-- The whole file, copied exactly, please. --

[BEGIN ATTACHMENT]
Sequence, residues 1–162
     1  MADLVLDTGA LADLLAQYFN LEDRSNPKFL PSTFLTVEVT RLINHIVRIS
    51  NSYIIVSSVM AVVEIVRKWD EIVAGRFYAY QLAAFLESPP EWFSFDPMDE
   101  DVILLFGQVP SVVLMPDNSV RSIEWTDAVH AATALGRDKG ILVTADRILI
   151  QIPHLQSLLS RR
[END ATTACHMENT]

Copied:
Sequence, residues 1–162
     1  MADLVLDTGA LADLLAQYFN LEDRSNPKFL PSTFLTVEVT RLINHIVRIS
    51  NSYIIVSSVM AVVEIVRKWD EIVAGRFYAY QLAAFLESPP EWFSFDPMDE
   101  DVILLFGQVP SVVLMPDNSV RSIEWTDAVH AATALGRDKG ILVTADRILI
   151  QIPHLQSLLS RR